Notice Requirements under the FMLA

Employees seeking to use FMLA leave are required to provide 30 days of advance notice of the need to take FMLA leave when the need is foreseeable.  If leave is foreseeable less than 30 days in advance, the employee must provide notice as soon as practicable, meaning generally, either the same or next business day.  When the need for leave is not foreseeable, the employee must provide notice to the employer as soon as practicable under the facts and circumstances of the particular case. Employees must provide sufficient information for an employer reasonably to determine whether the FMLA may apply to the leave request.  Depending on the situation, such information may include that the employee is incapacitated due to pregnancy, has been hospitalized overnight, is unable to perform the functions of the job, and/or that the employee or employee’s qualifying family member is under the continuing care of a health care provider. Employees do not have to forfeit their privacy (HIPPA) rights and disclose their diagnosis of their condition. When an employee seeks leave for a FMLA-qualifying reason for the first time, the employee need not expressly assert FMLA rights or even mention the FMLA. 

Covered employers must post a notice approved by the Secretary of Labor explaining rights and responsibilities under the FMLA.  When an employee requests FMLA leave or the employer acquires knowledge that leave may be for a FMLA purpose, the employer must notify the employee of his or her eligibility to take leave, and inform the employee of his/her rights and responsibilities under the FMLA within five business days. When the employer has enough information to determine that leave is being taken for a FMLA-qualifying reason, the employer must notify the employee that the leave is designated and will be counted as FMLA leave within five business days.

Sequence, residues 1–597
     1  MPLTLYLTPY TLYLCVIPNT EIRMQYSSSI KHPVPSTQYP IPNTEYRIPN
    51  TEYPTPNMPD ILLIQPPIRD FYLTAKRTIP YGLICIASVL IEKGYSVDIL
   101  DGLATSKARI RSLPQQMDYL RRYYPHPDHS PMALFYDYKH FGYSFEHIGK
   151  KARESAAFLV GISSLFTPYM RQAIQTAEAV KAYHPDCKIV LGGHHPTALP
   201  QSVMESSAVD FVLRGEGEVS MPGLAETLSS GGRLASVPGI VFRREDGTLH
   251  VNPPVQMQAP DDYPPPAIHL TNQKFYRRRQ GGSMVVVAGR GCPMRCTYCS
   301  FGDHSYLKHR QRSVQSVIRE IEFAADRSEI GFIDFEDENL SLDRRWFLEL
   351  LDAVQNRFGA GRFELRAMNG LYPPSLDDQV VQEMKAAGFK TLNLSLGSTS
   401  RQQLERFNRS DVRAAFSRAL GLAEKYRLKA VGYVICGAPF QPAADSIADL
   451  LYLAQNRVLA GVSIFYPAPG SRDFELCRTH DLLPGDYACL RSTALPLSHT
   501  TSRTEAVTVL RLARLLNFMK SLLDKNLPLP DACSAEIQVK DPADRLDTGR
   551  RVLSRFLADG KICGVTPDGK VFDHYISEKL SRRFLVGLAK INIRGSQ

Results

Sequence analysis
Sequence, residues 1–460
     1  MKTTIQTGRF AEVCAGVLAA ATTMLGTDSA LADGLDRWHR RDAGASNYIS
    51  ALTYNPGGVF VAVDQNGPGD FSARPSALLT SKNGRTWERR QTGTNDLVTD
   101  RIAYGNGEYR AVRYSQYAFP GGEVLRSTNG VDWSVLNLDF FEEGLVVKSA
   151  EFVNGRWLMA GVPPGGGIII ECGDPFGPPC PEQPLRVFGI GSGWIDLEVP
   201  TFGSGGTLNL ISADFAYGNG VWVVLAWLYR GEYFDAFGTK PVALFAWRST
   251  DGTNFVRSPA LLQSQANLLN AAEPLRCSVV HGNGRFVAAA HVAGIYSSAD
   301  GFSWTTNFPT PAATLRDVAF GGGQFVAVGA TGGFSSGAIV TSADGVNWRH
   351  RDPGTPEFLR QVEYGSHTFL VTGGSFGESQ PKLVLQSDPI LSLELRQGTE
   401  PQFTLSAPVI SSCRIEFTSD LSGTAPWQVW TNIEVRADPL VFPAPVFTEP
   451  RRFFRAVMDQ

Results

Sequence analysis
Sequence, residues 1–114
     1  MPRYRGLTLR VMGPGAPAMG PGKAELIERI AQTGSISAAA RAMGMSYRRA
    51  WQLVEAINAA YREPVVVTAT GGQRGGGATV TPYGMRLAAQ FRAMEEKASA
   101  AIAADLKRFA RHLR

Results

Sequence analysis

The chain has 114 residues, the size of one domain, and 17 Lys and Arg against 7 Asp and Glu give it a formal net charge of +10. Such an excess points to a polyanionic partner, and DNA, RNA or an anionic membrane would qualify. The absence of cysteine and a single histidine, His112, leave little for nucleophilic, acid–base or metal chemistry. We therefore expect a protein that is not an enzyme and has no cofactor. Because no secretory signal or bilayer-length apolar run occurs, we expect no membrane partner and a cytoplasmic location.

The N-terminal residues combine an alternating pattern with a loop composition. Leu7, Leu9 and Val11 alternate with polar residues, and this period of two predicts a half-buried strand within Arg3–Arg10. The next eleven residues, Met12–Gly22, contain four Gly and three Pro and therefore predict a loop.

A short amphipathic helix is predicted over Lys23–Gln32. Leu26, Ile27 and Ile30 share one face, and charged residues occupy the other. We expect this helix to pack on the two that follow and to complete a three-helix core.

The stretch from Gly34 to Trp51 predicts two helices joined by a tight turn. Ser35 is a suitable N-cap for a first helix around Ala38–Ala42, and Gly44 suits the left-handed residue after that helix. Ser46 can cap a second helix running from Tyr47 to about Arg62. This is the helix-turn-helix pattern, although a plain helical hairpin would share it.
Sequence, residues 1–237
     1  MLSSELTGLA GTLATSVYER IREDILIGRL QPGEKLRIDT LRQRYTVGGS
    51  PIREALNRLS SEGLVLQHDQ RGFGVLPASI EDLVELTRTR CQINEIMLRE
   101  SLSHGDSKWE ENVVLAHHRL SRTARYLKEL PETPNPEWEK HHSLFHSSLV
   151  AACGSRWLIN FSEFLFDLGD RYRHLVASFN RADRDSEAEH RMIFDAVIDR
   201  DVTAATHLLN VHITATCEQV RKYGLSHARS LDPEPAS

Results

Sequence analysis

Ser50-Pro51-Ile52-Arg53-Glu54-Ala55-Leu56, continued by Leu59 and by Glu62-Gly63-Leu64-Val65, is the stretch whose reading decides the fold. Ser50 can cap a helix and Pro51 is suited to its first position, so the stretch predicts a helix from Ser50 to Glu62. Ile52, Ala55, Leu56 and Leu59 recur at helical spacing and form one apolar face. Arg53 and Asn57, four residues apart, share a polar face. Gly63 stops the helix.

The Physician’s Certification Requirement

Employers may require that an employee’s request for leave due to a serious health condition affecting the employee or a covered family member be supported by a certification from a health care provider.  

Job Restoration

Upon return from FMLA leave, an employee must be restored to the employee’s original job, or to an equivalent job with equivalent pay, benefits, and other terms and conditions of employment. 

EMPLOYMENT LAW       

QUICK LINKS

The Federal Family and Medical Leave Act (FMLA)  requires employers of 50 or more employees to give up to 12 weeks of unpaid, job-protected leave to eligible employees.. more

The New Jersey Law Against Discrimination (NJLAD) makes it unlawful to subject people to differential treatment based upon the characteristics that make up a particular individual -- race, nationality, age, sex, marital status, perceived sexual orientation.. more

The New Jersey Conscientious Employee Protection Act is one of the most far-reaching whistleblower statutes in the nation. Aimed to protect employee “whistleblowers,” the statute makes it unlawful for an employer to take adverse employment action(s) against an employee.. more


CONTACT FORM

Name: Last:


Phone: E-mail:


Comments:

RESOURCES     SITE MAP     DIRECTIONS     DISCLAIMER   

Web Design and SEO by Figytech
Copyright 2011 Kurkowski Law